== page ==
Now take a look what happened when the query component was created. The page definition states contains an executable binding for the search region.
 <searchRegion Criteria="CriteriaForManager"  
Customizer="oracle.jbo.uicli.binding.JUSearchBindingCustomizer"
Binds="EmployeesView1Iterator"
id="CriteriaForManagerQuery"/>

This is exactly the place where I will use an EL expression (yes you can do that) to dynamically set the viewcriteria to be used by the query component. Lets change the "criteria" attribute. Whenever the taskflow is started by a manager I want the CriteriaForManager viewcriteria to be used by the querycomponent, and in other cases the CriteriaForEmployee.
 <searchRegion Criteria="#{pageFlowScope.startupMode eq 'mgr' ? 'CriteriaForManager' : 'CriteriaForEmployee'}"  
Customizer="oracle.jbo.uicli.binding.JUSearchBindingCustomizer"
Binds="EmployeesView1Iterator"
id="CriteriaForManagerQuery"/>

Now this is really all I changed. No changes to the page whatsoever. When I run the page after this minor change, depending on the startupmode, a different querycomponent is rendered. Or actually, the querycomponent stays the same, only the viewcriteria used are different.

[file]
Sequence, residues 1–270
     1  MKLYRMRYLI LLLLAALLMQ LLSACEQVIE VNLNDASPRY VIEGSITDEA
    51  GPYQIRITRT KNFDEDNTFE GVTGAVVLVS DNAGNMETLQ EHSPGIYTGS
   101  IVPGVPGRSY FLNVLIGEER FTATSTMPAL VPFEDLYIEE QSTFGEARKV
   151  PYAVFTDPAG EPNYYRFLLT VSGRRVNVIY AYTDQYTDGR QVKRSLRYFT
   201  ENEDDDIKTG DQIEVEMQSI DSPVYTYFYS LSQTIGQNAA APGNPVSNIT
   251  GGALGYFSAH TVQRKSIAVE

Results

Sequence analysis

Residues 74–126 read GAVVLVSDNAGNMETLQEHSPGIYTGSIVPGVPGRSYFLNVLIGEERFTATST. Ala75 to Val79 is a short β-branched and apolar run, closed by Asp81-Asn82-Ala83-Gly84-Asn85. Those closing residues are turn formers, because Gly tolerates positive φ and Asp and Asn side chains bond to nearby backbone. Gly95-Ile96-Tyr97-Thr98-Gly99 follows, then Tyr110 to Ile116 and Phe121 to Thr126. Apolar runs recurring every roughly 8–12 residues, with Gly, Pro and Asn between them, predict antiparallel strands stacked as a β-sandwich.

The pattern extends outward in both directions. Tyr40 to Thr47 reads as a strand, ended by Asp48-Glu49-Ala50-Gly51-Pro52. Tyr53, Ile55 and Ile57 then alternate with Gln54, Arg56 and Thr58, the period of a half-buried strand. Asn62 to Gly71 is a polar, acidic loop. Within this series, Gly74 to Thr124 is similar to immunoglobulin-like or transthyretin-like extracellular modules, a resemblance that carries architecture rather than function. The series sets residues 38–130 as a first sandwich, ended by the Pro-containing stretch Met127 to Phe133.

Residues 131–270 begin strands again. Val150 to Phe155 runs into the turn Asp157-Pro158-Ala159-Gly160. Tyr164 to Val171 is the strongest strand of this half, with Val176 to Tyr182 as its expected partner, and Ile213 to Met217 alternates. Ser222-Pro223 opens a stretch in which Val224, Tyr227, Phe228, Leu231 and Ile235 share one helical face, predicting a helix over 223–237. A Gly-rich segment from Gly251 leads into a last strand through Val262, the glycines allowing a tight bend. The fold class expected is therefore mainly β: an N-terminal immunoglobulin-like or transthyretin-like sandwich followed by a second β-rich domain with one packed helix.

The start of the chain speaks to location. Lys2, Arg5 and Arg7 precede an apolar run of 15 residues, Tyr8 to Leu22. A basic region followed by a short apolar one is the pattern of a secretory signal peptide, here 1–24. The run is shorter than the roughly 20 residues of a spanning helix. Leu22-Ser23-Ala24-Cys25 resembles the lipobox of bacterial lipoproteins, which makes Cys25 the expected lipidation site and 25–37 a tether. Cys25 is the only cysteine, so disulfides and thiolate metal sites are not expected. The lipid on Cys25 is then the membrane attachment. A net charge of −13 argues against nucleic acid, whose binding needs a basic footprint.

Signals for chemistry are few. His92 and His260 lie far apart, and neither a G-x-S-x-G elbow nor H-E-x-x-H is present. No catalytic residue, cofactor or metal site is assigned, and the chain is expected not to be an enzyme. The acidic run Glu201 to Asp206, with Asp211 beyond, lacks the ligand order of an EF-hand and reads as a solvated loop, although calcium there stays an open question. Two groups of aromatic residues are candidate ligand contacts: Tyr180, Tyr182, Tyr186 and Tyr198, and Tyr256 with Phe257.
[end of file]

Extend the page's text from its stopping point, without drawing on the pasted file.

Resources:
This post was initially posted by me on the AMIS technology blog.
The workspace can be downloaded here.

Monday, October 03, 2011

ADF 11g Quicky 3 : Adding Error, Info and Warning messages

How can we add a message programatically ? Last week I got this question for the second time in a months time. I decided to write a short blogpost on how this works.

Adding messages is very easy, you just need to know how it works.
You can add a message to your faces context by creating a new FacesMessage. Set the severity (ERROR, WARNING, INFO or FATAL ), set the message text, and if nessecary a message detail. The fragment below shows the code for an ERROR message.

1:   public void setMessagesErr(ActionEvent actionEvent) {  
2: String msg = "This is a message";
3: AdfFacesContext adfFacesContext = null;
4: adfFacesContext = AdfFacesContext.getCurrentInstance();
5: FacesContext ctx = FacesContext.getCurrentInstance();
6: FacesMessage fm =
7: new FacesMessage(FacesMessage.SEVERITY_ERROR, msg, "");
8: ctx.addMessage(null, fm);
9: }


I created a simple page with a couple of buttons to show the result of setting the message. When the button is pressed the message is shown.
1:  <?xml version='1.0' encoding='UTF-8'?>  
2: <jsp:root xmlns:jsp="http://java.sun.com/JSP/Page" version="2.1"
3: xmlns:af="http://xmlns.oracle.com/adf/faces/rich"